Whether you like CNBC or hate the publication, the outlet has released a new report highlighting an analyst saying Battleifled V’s preorders “lag Call of Duty by more than 85 percent.” Additionally, the piece by CNBC notes that Cowen repeated its market performance rating for Electronic Arts shares, citing “weak preorders” for the publisher’s Battlefield V title.
It’s unclear at this moment how Red Dead Redemption 2 pre-orders are looking right now, but it should be doing quite well given the amount of buzz it’s stirring up. However, it looks like another game releasing in the same month as RDR2, Call of Duty: Black Ops 4, is 85 percent up compared to Battlefield V, according to cnbc.com.
The publication site cited analyst Doug Creutz saying the following:
“EA’s Battlefield V currently appears to potentially be headed for serious disappointment,” analyst Doug Creutz said in a note on Monday. It is lagging far behind “Call of Duty,” “Red Dead Redemption 2” and “Assassin’s Creed,” he added, and by slightly more than it was two weeks ago in the case of the first two.
“If we had to pick one game to be a casualty of the crowded October window, this would clearly be it.”
CNBC relayed that EA shares declined 0.2 percent after the report was published on Monday.
Furthermore, Creutz “reaffirmed” his $114 price target (PT) for EA shares, which ultimately represents an “11 percent downside” to Friday’s close.
The analyst would go on to say that said preorders for Battlefield V are “tracking more than 85 percent behind Call of Duty: Black Ops 4,” which is significantly worse than prior instances.
The piece by CNBC tried to put the numeral difference into perspective by citing Battlefield 3 and Battlefield 4’s numbers lagging behind the Call of Duty games by 20 percent and 40 percent respectively. Battlefield V is 85 percent behind Call of Duty: Black Ops 4, which is more than a 50 percent difference between the gap between Battlefield 4 and Call of Duty from several years ago.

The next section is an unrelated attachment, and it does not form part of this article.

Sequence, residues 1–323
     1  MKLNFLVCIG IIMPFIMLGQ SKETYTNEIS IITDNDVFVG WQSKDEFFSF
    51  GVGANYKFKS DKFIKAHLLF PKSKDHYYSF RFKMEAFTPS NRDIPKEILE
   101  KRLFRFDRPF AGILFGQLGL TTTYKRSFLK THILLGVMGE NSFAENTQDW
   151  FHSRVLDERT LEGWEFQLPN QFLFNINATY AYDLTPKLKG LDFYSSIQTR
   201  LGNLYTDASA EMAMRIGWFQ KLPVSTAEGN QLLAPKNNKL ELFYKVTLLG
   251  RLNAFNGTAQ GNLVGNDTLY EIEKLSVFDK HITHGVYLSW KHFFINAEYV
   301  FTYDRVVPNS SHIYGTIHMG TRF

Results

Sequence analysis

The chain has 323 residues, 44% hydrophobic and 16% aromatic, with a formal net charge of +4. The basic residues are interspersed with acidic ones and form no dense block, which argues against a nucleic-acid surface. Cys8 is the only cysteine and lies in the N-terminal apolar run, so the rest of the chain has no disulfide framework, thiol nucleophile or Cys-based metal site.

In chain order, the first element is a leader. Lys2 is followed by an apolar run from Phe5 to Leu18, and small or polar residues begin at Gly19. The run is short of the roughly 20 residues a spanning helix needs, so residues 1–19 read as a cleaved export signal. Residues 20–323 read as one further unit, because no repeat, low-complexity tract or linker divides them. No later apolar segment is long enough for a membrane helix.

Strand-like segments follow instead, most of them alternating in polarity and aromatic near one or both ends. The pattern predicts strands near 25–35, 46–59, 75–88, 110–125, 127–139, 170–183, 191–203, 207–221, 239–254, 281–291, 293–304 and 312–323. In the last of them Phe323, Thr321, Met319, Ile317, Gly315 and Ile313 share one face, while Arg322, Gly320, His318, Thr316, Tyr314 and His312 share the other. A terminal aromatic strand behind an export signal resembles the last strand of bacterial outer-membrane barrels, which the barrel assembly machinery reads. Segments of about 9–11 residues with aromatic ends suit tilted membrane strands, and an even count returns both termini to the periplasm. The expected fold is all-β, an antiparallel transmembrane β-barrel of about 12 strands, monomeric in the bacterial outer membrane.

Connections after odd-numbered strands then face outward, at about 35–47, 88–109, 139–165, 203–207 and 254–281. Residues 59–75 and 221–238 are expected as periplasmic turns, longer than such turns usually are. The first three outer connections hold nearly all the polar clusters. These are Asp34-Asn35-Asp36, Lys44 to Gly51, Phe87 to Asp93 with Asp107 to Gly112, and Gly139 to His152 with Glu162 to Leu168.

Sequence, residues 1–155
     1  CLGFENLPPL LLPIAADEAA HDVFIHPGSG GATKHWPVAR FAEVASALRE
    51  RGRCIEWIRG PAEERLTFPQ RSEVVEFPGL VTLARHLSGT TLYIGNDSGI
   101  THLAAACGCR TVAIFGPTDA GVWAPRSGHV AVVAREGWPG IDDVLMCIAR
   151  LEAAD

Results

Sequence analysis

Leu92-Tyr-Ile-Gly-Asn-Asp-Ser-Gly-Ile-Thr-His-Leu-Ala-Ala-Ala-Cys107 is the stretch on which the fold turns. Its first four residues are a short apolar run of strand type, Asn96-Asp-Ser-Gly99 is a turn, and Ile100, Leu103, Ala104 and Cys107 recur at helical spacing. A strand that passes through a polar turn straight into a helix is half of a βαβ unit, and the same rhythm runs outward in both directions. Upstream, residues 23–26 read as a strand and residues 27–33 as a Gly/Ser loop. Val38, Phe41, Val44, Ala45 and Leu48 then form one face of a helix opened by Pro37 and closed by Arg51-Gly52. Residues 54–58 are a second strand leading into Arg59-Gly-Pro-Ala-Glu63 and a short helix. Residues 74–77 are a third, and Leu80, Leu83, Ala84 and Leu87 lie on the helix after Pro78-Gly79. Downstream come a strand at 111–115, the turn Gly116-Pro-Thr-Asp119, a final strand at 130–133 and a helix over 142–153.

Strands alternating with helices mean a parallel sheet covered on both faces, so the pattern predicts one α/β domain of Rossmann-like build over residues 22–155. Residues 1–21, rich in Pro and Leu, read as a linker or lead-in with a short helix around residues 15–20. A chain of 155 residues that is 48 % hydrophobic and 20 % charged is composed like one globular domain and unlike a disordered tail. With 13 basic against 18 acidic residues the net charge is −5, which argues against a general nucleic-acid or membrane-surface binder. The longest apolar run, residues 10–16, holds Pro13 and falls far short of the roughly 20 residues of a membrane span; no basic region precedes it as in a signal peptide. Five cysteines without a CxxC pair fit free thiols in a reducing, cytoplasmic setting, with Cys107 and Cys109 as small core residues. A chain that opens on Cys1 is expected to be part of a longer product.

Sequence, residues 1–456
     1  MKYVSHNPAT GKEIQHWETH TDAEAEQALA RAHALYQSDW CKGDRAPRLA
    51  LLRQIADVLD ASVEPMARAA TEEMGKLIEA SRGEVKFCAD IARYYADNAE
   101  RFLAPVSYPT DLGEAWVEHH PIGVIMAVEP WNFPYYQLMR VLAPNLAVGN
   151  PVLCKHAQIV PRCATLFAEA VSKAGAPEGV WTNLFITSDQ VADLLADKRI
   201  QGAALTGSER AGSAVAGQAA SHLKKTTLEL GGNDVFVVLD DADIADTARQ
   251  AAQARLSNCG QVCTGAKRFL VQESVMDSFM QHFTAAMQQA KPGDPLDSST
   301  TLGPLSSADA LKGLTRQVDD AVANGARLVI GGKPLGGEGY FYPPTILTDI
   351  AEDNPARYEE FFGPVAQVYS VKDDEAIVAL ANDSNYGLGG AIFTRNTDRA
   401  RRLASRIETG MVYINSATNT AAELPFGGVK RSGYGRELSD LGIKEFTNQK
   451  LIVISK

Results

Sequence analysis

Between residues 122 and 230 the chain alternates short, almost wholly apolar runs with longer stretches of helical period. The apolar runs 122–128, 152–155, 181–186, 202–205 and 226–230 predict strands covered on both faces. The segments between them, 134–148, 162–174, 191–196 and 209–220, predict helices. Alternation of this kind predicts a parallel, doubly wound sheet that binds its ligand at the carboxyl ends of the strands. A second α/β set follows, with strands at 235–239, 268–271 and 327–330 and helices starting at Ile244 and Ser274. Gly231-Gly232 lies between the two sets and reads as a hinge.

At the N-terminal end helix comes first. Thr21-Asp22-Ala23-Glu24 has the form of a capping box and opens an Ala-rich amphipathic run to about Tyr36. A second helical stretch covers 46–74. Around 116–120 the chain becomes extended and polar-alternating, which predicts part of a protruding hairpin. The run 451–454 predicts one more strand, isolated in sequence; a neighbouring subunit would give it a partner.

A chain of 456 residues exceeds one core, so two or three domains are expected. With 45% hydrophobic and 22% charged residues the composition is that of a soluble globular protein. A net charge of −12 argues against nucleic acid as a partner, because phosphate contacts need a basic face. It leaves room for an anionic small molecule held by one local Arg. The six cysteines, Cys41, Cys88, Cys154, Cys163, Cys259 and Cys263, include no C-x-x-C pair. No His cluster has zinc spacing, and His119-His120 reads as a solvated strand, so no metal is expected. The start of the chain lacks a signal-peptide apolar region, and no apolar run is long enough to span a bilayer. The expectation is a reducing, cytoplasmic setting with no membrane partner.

The only time the Battlefield series surpassed that of a Call of Duty game is in 2016 with the launch of Battlefield 1. The analyst would touch on this by saying:
“This is very far off the tracking levels of previous Battlefield titles in 2011, 2013, and 2016. With a release date directly in between CoD and RDR, we worry that BFV could be headed for a similar fate as 2016’s Titanfall 2, which got squeezed out by its launch date directly between Battlefield 1 and Call of Duty: Infinite Warfare.”
The analyst said the 13 – 14 million unit sales, which he estimates is factored into EA’s guidance for the game, isn’t “looking achievable.” The analyst would go on to say “this suggests a meaningful risk factor to EA’s FY19 [Fiscal Year 2019] guidance.”
The publication site concluded with EA declining to comment on the Cowen analyst report and the situation. All I’ve got to say to EA and DICE is: “TU ES SATIS BONUS /S.”